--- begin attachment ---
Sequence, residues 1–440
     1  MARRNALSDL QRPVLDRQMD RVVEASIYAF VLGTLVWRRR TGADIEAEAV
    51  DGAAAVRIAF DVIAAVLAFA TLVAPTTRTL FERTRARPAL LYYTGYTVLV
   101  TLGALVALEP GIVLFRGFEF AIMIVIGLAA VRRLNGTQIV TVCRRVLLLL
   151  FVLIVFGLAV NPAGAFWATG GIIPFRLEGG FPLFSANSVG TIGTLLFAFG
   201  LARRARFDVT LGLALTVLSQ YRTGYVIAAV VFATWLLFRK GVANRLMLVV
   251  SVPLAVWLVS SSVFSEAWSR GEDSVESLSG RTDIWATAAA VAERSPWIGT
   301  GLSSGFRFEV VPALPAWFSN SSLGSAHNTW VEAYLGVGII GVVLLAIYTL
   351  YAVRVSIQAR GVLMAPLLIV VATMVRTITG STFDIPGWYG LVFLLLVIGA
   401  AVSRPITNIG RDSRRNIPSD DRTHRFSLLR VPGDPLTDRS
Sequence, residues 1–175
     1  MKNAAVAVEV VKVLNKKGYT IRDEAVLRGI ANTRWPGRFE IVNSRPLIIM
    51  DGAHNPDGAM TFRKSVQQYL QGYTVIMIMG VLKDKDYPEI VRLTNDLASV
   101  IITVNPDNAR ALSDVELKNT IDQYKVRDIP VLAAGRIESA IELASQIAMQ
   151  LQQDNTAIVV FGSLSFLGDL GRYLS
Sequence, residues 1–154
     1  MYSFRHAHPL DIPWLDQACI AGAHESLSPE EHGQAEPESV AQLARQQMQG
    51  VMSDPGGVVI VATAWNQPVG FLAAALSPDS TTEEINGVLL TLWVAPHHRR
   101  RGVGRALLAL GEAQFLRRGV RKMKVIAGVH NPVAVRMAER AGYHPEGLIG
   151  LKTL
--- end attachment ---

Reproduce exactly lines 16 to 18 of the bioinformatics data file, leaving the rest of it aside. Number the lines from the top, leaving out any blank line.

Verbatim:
Sequence, residues 1–154
     1  MYSFRHAHPL DIPWLDQACI AGAHESLSPE EHGQAEPESV AQLARQQMQG
    51  VMSDPGGVVI VATAWNQPVG FLAAALSPDS TTEEINGVLL TLWVAPHHRR